As for your comment about the 1986 ban on machine guns, the NRA most certainly did NOT help draft that legislation. The ban was attached to legislation that the NRA DID help draft, the Firearms Owners Protection Act, which undid some of the worst parts of the Gun Control Act of 1968. After the amendment was adopted, the thinking was that the ban on machine guns, while not desirable, was worth getting the rest of the bill enacted into law.

Comment Short term thinking (Score 1) 58

Sounds like short term thinking to me--EMC makes some short term cash, but now their brand is associated with low end NAS devices instead (or at least in addition to) top tier back end storage? This sounds like when Cisco bought Linksys, and rebranded some of the products, with rather predictable results. What idiot wants a low end product associated with a premium brand name?

Comment Re:Totally arbitrary anyway (Score 2) 215

Move to suburbia. Even if the kid still doesn't make the cut for the gifted program, he'll receive a far higher quality education than he would in even the best of urban schools.

Complete bullshit. Just to pick a name that everybody knows, Bronx High School of Science is as good as, and maybe better than, any suburban schools, by any standard. There are some very good high schools in New York City, and every upscale parent knows which ones they are.

You're ignoring the fact that suburbs are expensive, and they self-select for wealthy families. That's often the reason people move to the suburbs.

Speaking as someone who went to Brooklyn Tech, I have a high respect for Bronx Science and find your description of it as "as good as, maybe better than any suburban school," to border on insulting. The specialized schools in NYC are some of the best in the country, hands down. That said, this in no way invalidates the point the GP was making--that suburban schools are, typically, of higher quality than large city schools. Brooklyn Tech, Bronx Science, and Stuyvesant are places where the entire school is in the "gifted program" and do not reflect the quality of city schools overall.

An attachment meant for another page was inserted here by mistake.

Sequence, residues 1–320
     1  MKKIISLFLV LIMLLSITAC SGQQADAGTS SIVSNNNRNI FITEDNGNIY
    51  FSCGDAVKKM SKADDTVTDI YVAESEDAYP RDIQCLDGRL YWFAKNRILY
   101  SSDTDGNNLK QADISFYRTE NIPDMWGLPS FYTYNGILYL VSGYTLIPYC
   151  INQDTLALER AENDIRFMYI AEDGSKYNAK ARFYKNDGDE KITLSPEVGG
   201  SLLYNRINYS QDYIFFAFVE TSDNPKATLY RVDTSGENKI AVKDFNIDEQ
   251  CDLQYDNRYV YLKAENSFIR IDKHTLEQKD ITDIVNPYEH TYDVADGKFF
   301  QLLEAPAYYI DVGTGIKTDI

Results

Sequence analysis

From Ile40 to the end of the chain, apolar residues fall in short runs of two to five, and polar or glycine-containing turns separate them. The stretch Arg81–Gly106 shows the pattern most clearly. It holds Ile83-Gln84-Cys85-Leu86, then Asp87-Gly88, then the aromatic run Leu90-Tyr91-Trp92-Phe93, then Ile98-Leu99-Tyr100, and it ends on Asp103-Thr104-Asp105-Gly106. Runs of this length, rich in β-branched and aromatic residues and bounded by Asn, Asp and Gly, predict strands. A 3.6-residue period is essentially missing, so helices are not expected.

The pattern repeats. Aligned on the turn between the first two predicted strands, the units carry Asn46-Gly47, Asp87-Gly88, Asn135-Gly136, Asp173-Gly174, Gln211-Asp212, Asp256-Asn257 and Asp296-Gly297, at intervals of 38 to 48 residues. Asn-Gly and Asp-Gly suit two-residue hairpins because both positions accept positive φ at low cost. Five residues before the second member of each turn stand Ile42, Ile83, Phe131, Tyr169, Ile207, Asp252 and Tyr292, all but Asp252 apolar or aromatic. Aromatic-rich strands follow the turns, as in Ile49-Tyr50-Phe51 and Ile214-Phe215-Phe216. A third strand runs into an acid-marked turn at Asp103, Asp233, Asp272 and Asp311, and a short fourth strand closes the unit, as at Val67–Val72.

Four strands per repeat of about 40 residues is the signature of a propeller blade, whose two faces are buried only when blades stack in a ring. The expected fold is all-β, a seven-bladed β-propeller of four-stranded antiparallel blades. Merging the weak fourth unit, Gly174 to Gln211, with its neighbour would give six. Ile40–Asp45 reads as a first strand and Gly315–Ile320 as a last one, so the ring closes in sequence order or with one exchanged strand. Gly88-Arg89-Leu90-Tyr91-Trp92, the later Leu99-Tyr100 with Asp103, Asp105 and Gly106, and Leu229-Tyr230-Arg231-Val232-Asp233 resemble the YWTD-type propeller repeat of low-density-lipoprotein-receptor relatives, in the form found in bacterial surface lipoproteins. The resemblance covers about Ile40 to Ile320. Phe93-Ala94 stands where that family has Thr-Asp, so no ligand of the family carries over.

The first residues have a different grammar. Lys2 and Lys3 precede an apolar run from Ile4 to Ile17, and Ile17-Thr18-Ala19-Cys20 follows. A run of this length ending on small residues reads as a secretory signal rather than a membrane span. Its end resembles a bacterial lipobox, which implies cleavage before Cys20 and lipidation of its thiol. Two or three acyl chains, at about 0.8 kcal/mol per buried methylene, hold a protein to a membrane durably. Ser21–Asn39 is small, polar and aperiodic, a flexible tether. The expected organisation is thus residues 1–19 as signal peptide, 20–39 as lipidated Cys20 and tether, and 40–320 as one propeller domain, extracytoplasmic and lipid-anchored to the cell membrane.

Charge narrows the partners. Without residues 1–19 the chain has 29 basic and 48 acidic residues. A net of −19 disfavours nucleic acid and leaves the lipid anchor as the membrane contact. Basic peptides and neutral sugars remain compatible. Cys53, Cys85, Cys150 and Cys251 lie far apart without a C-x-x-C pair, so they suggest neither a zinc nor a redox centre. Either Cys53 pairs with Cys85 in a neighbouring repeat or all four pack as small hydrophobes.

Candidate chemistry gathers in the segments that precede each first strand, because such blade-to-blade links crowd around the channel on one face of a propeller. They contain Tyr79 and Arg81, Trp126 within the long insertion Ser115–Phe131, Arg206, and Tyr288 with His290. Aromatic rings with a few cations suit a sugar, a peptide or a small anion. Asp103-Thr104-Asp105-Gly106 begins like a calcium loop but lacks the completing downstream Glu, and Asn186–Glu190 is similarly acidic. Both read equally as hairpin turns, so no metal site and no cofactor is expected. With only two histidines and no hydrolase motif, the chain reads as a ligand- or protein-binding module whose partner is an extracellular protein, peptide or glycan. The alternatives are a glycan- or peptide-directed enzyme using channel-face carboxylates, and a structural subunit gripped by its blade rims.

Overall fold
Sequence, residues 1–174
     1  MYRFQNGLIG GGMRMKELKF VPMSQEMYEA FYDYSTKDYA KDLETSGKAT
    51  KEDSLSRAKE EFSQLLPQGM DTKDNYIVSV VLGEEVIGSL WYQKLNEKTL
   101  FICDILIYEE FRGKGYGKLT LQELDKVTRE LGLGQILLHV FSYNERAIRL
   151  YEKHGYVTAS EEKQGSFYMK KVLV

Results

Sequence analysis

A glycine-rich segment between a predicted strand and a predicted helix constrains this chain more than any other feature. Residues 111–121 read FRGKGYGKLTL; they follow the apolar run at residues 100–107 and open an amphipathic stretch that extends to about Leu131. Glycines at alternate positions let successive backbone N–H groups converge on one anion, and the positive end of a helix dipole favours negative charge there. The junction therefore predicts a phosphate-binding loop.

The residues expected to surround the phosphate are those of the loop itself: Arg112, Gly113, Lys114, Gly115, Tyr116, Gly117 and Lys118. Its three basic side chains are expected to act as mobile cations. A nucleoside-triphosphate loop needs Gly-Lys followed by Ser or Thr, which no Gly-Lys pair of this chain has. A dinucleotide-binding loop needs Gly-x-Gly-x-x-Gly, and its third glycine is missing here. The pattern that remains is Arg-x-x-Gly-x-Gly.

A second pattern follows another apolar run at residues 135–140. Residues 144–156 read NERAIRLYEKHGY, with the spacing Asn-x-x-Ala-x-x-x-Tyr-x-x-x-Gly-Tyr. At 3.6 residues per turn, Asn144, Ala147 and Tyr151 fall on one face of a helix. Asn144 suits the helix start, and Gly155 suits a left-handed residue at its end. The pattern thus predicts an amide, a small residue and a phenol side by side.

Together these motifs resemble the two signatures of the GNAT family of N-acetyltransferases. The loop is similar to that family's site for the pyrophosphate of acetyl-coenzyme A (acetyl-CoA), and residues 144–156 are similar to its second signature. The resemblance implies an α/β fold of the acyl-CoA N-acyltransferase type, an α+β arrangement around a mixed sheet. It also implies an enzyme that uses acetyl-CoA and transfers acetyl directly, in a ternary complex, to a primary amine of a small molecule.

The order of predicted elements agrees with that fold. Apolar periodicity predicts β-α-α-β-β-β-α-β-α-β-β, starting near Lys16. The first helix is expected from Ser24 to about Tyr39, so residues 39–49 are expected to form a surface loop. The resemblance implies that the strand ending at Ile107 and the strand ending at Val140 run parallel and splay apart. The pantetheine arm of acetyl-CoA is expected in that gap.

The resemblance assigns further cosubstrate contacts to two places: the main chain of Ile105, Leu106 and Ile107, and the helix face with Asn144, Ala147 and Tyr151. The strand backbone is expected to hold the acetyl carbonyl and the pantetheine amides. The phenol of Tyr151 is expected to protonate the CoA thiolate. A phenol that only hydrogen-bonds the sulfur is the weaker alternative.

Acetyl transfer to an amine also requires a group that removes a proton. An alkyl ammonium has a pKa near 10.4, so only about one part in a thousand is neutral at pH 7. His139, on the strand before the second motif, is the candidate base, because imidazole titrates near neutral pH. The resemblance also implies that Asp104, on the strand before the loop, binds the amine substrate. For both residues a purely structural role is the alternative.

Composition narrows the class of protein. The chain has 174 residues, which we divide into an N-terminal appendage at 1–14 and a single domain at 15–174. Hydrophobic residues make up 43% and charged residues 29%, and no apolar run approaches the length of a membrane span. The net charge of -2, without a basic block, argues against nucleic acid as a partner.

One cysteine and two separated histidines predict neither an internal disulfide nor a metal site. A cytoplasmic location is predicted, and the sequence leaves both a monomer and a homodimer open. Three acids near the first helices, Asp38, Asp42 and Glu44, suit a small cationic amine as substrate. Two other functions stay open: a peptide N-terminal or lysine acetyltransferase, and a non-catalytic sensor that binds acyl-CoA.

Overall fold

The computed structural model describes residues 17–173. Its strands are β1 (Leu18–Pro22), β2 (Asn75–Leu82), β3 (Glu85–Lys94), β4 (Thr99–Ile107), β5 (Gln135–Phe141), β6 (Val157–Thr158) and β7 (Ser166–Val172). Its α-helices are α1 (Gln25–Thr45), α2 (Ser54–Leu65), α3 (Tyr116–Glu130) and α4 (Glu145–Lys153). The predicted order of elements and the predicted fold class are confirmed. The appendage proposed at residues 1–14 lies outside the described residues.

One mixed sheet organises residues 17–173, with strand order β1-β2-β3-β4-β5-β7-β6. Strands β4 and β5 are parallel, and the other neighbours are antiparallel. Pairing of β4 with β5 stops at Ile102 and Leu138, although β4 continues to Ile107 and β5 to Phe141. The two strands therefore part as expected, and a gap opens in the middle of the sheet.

Comment Re:being your own boss (Score 1) 426

A police officer or firefighter can retire at 50 with 90% of their base pay...

And that was part of the compensation package the city agreed to pay them when they took their job. Retroactive compensation cuts are bullshit, fraud to the nth degree.

Apologies on one point, I misread part of your post, so my coming off as correcting you just looks dickish. That said, while I agree in principle that retroactive cuts are bullshit, I disagree that the cause of the problem was financial mismanagement. The real root cause is that the compensation packages were not viable from day one.

Comment Re:being your own boss (Score 1) 426

Bullshit. Some towns became insolvent because they entered into agreements to pay employees some money now and some at a later time, and then so badly mismanaged their finances -- largely through giving more and more tax breaks to the wealthy -- that they couldn't follow up on their obligation to pay people the agreed-upon compensation. Blaming unions for right-wing policies that benefit the 1% while screwing workers is ludicrous.

While on the high end for public sector employees, "Public Safety" pensions in California most certainly do not fall into your rant above. They are, frankly, obscene and are indeed a large part of why many municipalities have financial problems. A police officer or firefighter can retire at 50 with 90% of their base pay (which is usually considerable--a CHP officer earns between $68-84k per year not including overtime pay (which is $48-61 per hour). Their pension is calculated based on the 3 highest earning years.

Please note that the above numbers are BASE pay, and they can (and do) earn significantly more. See here for details. I would assume that CHP officers are probably paid more than a local sheriff's deputy, but my understanding is that many municipalities in CA are competitive with this structure.

To sum up: While the devil is in the details, it quite easy to make the statement the OP did and NOT be full of shit.

Comment Re:being your own boss (Score 1) 426

Bullshit. Whether or not you're unionized, you can thank unions for the 40 hour workweek (which is dying with the unions), weekends off, lunch breaks, coffee breaks, vacations... any working stiff who is against unions is an idiot that has fallen for the right wing's bullshit.

Because Henry Ford was a well known organizer of unions, and all...

Comment Re:Sense of proportion (Score 1) 346

Gotta love sense of proportion. You've got companies like Monsanto and Academi (formerly Blackwater) and a raft of multinationals polluting and doing bad stuff - but the one that causes the outrage? EA..

Bank of America vs EA:

1. Cratered the economy? ehhhh...
2. Botched launch of a time waster game? GET THE TORCHES AND PITCHFORKS!